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The Guardian - US
The Guardian - US
Beau Dure

The American soccer players with the best European careers – ranked!

John Harkes celebrates after helping Sheffield Wednesday to a 1-0 win over Manchester United in the 1991 Rumbelows Cup final at Wembley Stadium.
John Harkes celebrates after helping Sheffield Wednesday to a 1-0 win over Manchester United in the 1991 Rumbelows Cup final at Wembley Stadium. Photograph: Bob Thomas/Bob Thomas Sports Photography/Getty Images

In the early 1990s, two phenomena coincided. US soccer players, having emerged from 40 years in the World Cup wilderness, started to find steady work in Europe. There was also this new-fangled thing called the World Wide Web, which allowed the scattered pockets of soccer supporters in the US to find each other and share information about the exploits of the latest American soccer saviors lurking somewhere in the Luxembourg fifth division or perhaps in Germany’s Oberliga.

Since then, US soccer players have slowly but surely broken down barriers in Europe -- gaining places in top leagues, becoming supporters’ favorites, and even winning the Champions League. From Fulham to … well, mostly Fulham, but also Borussia Dortmund, Everton, Tottenham, Rangers, Hannover and Chelsea … it’s where a handful of players have made indelible impressions.

These are the 10 US players who have found the most success across the Atlantic Ocean. The list includes only players who declared their nationality for the US, with apologies to Neven Subotić and Giuseppe Rossi.

10) Jovan Kirovski: Manchester United youth 1992-96, Borussia Dortmund 1996-2000, Fortuna Köln (loan from Dortmund) 1998-99, Sporting CP 2000-01, Crystal Palace 2001-02, Birmingham 2002-04

Not the most decorated national team player on this list, having never played in a World Cup, but the Californian is notable for being a youth teammate of the likes of David Beckham and Paul Scholes at Manchester United. More importantly, he became the first US player to score in a Champions League game and the first to earn a Champions League winners’ medal.

He achieved neither of those things at United, due in part to the then-onerous work permit restrictions in England, but he was able to get just enough of a foothold at Borussia Dortmund to break Champions League barriers. He couldn’t lock down a steady place in the side, though, and he made a few more stops in Europe before finishing up his career in Major League Soccer, where he has since found success as the Los Angeles Galaxy’s technical director.

His most productive season was the 2001-02 campaign with Crystal Palace, when he had five goals and seven assists in 36 first division games.

Jovan Kirovski of Birmingham City shields the ball from Matthew Brazier of Leyton Orient during an October 2002 match.
Jovan Kirovski of Birmingham City shields the ball from Matthew Brazier of Leyton Orient during an October 2002 match. Photograph: Ian Walton/Getty Images

9) John Harkes: Sheffield Wednesday 1990-93, Derby County 1993-95, loan spells with West Ham United 1995-96 and Nottingham Forest 1999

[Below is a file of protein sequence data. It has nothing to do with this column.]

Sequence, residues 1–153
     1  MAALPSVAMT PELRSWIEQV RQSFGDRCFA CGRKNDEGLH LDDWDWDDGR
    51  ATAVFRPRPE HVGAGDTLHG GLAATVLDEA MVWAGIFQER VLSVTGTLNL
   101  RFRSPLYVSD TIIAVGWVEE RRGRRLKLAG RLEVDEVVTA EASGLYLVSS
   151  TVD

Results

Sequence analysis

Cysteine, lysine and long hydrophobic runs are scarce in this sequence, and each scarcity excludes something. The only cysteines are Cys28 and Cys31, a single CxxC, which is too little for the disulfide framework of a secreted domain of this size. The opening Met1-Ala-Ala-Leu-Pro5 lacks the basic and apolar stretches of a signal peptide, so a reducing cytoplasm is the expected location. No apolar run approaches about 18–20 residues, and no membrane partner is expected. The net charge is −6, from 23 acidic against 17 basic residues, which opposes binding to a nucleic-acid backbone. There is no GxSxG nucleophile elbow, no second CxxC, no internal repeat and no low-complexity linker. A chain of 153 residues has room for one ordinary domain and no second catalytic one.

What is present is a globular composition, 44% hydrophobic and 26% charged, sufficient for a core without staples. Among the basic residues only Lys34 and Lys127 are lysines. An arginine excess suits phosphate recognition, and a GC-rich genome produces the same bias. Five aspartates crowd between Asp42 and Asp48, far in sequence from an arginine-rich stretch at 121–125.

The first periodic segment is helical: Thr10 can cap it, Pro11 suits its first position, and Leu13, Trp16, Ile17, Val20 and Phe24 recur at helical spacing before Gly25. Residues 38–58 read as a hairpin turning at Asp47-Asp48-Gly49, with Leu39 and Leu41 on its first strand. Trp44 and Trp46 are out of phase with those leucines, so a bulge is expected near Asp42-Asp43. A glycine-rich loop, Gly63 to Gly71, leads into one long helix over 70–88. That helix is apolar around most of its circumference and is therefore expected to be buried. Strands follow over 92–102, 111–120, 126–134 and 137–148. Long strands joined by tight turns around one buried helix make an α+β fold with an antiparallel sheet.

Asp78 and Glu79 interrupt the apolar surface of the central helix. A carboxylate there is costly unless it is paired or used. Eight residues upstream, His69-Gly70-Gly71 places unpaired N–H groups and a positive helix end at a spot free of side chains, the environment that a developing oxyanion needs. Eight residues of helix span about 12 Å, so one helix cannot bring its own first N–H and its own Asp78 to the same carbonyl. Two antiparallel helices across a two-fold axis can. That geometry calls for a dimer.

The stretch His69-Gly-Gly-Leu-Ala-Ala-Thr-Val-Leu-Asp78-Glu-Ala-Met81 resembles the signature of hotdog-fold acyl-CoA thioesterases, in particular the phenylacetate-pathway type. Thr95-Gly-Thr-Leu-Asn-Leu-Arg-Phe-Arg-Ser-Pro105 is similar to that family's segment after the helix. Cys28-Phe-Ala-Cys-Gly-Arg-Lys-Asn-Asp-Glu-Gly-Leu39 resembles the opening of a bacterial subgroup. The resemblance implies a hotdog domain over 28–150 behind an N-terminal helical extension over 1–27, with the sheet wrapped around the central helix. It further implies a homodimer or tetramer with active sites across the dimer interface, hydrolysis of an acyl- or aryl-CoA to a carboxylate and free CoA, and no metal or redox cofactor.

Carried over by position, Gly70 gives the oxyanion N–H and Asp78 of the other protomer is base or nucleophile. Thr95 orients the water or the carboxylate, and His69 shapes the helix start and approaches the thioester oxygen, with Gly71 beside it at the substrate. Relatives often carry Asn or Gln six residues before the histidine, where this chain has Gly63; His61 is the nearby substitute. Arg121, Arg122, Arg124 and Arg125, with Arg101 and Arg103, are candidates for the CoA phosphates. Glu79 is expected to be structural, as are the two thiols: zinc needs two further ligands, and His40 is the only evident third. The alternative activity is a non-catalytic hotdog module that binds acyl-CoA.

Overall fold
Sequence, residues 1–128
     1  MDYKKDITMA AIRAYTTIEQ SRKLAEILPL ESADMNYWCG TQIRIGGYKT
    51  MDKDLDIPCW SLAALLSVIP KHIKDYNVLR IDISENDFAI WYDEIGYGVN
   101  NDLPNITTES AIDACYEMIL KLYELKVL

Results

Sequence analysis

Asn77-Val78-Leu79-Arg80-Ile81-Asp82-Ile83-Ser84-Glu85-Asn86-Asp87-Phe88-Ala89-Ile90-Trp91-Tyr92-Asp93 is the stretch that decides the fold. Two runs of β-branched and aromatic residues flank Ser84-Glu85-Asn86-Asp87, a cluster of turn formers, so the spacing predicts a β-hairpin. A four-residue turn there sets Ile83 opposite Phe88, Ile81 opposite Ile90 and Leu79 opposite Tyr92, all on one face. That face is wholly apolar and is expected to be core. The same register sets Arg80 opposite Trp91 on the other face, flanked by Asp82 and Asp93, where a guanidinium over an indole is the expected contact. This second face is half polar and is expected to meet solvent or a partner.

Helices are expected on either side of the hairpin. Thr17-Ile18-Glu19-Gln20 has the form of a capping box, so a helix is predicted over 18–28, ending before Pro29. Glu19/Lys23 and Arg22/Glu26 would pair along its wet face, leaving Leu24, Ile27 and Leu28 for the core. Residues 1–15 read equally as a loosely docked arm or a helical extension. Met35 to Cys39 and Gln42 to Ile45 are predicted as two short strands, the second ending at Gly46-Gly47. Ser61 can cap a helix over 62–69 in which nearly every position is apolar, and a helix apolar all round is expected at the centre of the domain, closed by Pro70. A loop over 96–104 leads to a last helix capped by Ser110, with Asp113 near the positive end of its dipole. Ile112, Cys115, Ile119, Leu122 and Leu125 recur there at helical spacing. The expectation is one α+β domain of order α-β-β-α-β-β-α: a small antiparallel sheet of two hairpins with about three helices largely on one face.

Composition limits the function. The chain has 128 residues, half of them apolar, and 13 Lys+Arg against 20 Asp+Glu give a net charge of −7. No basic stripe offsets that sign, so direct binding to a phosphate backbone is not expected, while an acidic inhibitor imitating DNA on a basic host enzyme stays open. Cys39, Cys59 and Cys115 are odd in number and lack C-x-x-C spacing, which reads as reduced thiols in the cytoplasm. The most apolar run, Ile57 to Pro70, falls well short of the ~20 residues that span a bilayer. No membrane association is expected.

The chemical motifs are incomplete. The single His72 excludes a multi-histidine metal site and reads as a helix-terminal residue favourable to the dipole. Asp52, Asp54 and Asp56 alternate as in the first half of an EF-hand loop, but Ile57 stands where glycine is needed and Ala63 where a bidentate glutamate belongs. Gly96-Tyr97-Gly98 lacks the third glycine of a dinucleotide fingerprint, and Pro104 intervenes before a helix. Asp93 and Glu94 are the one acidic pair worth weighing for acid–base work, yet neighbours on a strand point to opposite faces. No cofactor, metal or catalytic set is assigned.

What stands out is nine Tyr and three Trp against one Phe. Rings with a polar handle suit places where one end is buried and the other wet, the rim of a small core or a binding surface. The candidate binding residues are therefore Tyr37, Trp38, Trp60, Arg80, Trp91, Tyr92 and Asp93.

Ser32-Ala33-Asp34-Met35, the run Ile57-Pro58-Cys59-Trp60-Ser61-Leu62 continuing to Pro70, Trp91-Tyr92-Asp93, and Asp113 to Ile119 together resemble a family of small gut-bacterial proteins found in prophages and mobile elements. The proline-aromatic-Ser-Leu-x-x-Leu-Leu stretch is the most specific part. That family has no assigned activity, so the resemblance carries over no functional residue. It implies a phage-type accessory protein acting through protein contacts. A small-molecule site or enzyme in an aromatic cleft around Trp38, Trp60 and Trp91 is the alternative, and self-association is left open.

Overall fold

After the 1990 World Cup, the University of Virginia alumnus got his shot in England with second-tier Sheffield Wednesday. And he took it. Literally. Given an acre of space 35 yards away from the Derby County goal minded by England keeper Peter Shilton, Harkes let loose a wonder strike. Wednesday went on to win that fourth-round replay of the Rumbelows (League) Cup and would go on to lift the trophy four months later, with Harkes starting at Wembley.

Wednesday also won promotion and finished third the next season, ensuring that the new Premier League would have an American participant upon its launch. Harkes also made another trip to Wembley, this time finding the net for the opening goal in Wednesday’s 2-1 loss to Arsenal in the 1993 League Cup final, especially appropriate given that the Cup was now sponsored by US business colossus Coca-Cola.

But Harkes was on the move after that – ironically, to Derby County. He stayed there until MLS started signing players. A loan spell to West Ham United filled some time before the league launched and Harkes returned to US as a cornerstone of a dominant DC United team.

8) Claudio Reyna: Bayer Leverkusen 1994-99, Wolfsburg (loan from Leverkusen) 1997-99, Rangers 1999-01, Sunderland 2001-03, Manchester City 2003-07

Another Virginia college player, Reyna was the first US field player to have a long-term impact with several clubs. He broke through on loan at Wolfsburg, where he served as captain. His next move was to Rangers, where he won a league title and befriended Giovanni van Bronckhorst, after whom he would name his son.

Intent on playing in England’s Premier League, he moved to Sunderland in December 2001. Injuries limited his playing time and effectiveness at the Stadium of Light and his next stop, Manchester City, where he remained for several years at the then-struggling club before finishing out his playing career in MLS.

Rangers’ Claudio Reyna goes between Mauricio Pellegrino and Gerard of Valencia during a Champions League group-stage match in September 1999.
Rangers’ Claudio Reyna goes between Mauricio Pellegrino and Gerard of Valencia during a Champions League group-stage match in September 1999. Photograph: Ross Kinnaird/Getty Images